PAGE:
Concerning the effect on Russian language, our participants didn't voice much anxiety. The Russian language is alive and is like a sponge, and always has been, they pointed out. Russians adopt foreign terms on a simple basis--convenience. As for the politicians flogging linguistic nationalism, a student pointed out that those politicians are perfectly capable of using earthy Russian to suit one audience, and switching to loanword-loaded business jargon to suit another.

So the article describes things accurately, but do its prescriptions ("strict cultural protectionism") make sense? Our group seemed to agree that it wasn't a good idea to give government functionaries yet another arena to practice their favorite sport, forbidding things. But in addition, one of our group members made two interesting observations: first, that Russia goes through pendulum swings in its attitude to foreigners and foreign influences--alternating between enthusiastic receptivity and stone-faced xenophobia. Neither extreme can be taken as normative. Secondly, education in patriotism and love of one's culture should be focused on young children. After the age of eight or so, he said, these efforts are much less effective.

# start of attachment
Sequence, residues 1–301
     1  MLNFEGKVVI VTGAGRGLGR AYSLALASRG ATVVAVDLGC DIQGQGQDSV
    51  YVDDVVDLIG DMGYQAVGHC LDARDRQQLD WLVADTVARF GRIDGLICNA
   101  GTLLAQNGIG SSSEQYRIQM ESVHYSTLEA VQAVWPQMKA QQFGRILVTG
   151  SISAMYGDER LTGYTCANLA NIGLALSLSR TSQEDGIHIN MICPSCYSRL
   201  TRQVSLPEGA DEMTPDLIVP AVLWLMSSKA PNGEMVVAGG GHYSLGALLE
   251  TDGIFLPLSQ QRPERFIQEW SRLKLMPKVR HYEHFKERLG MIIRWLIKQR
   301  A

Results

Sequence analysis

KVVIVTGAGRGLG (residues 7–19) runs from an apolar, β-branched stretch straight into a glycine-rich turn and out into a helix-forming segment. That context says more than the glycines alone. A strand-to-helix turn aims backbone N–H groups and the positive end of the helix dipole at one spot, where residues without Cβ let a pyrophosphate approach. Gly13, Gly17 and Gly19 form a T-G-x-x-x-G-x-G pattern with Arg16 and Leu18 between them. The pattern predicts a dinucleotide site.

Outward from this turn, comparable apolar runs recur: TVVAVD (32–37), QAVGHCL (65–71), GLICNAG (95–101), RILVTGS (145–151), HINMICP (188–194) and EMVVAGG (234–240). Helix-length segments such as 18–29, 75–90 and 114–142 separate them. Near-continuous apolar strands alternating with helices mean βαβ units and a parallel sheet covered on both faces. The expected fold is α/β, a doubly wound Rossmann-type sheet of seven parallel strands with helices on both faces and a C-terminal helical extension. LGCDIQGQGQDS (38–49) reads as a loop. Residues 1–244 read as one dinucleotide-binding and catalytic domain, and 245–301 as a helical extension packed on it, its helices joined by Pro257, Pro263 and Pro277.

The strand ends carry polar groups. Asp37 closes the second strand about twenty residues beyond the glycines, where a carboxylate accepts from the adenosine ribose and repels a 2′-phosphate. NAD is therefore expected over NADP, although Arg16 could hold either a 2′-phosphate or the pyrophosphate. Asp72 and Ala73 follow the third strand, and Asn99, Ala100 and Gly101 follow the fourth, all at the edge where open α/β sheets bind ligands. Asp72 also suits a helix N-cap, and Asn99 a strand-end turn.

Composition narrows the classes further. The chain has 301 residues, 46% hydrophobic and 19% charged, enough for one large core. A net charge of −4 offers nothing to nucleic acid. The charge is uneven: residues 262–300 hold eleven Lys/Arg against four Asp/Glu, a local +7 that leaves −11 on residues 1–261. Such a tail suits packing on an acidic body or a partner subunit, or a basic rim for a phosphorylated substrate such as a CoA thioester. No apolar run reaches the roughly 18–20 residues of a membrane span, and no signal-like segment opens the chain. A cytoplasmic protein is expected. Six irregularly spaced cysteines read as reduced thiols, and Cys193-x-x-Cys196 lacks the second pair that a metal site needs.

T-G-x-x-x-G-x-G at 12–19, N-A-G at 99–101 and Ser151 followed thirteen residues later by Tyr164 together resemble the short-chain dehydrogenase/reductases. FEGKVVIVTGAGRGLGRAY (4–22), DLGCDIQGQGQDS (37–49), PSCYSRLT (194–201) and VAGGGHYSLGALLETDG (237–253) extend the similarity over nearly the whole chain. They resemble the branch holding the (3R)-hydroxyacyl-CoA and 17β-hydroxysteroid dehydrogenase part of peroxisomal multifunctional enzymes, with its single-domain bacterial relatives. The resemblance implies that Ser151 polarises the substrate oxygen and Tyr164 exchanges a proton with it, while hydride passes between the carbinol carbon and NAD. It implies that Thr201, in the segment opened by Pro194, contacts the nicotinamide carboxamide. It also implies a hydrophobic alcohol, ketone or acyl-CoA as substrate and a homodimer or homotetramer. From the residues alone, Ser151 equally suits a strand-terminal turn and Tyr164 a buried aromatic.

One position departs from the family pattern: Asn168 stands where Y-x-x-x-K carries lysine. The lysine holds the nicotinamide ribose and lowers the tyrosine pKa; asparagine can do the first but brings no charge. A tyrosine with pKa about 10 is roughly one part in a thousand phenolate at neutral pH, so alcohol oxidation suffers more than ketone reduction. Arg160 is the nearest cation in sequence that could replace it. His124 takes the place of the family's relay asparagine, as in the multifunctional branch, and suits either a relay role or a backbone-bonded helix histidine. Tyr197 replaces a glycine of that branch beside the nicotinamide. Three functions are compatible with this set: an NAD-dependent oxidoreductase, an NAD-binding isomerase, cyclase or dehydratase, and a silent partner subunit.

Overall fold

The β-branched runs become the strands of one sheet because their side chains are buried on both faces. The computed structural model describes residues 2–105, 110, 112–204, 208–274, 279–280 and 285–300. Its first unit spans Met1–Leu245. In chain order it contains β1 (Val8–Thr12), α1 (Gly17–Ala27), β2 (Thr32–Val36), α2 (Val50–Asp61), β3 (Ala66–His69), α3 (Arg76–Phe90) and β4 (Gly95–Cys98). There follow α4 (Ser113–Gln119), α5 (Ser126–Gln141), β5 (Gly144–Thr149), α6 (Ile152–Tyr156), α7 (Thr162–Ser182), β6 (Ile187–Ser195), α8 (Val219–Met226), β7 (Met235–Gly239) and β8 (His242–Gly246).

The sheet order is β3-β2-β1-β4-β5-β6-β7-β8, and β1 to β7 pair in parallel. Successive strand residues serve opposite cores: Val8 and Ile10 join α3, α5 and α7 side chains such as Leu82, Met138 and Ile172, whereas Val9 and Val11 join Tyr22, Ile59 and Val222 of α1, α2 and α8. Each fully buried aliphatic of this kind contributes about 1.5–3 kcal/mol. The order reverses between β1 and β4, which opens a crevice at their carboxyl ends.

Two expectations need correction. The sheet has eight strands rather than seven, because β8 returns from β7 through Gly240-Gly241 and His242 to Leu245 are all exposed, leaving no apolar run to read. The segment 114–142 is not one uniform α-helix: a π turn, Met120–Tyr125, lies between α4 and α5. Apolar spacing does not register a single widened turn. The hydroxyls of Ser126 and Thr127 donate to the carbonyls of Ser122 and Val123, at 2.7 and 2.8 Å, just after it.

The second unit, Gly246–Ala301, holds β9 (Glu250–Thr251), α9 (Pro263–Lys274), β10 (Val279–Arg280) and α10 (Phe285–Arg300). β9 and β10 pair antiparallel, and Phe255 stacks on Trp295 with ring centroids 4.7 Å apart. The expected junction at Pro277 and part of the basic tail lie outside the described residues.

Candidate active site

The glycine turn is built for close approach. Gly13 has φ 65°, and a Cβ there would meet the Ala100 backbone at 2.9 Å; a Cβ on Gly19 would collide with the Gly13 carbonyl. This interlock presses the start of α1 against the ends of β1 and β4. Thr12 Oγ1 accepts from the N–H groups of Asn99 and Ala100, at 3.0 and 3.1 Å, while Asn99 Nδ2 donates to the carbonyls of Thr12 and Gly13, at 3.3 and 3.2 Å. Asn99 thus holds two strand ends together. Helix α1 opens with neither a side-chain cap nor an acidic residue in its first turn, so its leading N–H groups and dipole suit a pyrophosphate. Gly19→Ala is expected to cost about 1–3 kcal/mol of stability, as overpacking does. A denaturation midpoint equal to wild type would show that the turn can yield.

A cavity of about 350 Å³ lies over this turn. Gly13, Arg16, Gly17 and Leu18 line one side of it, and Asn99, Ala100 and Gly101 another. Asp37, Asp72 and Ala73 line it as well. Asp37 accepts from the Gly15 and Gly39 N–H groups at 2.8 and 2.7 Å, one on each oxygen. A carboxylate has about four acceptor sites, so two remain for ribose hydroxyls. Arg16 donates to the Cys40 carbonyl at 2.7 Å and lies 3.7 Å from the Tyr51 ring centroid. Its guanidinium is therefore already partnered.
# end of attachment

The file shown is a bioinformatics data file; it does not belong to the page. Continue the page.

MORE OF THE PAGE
I can say with serene confidence that I've just finished reading the best crime novel I've read in my whole life, Jo Nesbø's Police.The author manipulates his readers with shameless abandon, and I was completely happy to be along for the ride. For those who have followed this detective's career through the whole series of Harry Hole novels, and who know how the previous novel ended, it's now almost impossible to say anything about the new story without immediately wandering into spoiler territory. Suffice it to say that Nesbø deals with his detective's mortality and resurrection with wonderfully casual and unapologetic aplomb. His reappearance (and I guess it's useless to conceal that he somehow does return) is both understated and quite moving.